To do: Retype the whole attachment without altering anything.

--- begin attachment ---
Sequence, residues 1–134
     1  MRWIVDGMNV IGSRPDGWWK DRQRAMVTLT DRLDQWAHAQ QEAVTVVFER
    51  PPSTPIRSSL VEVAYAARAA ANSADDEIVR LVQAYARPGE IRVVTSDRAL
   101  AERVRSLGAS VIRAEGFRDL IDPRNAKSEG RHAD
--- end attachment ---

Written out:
Sequence, residues 1–134
     1  MRWIVDGMNV IGSRPDGWWK DRQRAMVTLT DRLDQWAHAQ QEAVTVVFER
    51  PPSTPIRSSL VEVAYAARAA ANSADDEIVR LVQAYARPGE IRVVTSDRAL
   101  AERVRSLGAS VIRAEGFRDL IDPRNAKSEG RHAD